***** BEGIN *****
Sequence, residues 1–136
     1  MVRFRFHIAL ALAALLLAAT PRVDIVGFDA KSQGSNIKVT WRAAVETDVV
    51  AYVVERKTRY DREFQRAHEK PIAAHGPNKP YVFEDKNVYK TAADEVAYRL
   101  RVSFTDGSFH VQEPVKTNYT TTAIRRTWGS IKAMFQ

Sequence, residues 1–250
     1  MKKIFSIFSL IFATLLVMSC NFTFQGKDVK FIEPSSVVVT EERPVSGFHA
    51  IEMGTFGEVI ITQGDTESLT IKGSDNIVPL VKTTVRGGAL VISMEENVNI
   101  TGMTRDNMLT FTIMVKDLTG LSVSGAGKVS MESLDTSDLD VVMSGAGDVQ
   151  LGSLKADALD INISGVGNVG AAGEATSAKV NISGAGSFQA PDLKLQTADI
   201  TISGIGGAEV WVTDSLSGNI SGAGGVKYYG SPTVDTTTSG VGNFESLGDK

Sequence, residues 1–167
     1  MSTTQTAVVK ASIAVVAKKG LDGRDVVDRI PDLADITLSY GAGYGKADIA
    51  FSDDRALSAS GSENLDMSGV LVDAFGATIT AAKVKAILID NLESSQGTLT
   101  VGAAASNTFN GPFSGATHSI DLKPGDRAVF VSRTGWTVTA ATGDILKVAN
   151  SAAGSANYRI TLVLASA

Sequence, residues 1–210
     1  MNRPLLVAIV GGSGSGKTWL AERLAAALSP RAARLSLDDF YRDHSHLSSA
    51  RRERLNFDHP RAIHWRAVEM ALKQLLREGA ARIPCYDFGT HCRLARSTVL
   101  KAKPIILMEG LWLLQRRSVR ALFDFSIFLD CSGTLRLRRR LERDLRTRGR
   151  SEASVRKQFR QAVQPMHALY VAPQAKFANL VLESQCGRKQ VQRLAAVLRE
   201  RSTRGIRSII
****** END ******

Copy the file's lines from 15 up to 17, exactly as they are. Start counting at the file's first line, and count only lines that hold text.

   151  SAAGSANYRI TLVLASA

Sequence, residues 1–210
     1  MNRPLLVAIV GGSGSGKTWL AERLAAALSP RAARLSLDDF YRDHSHLSSA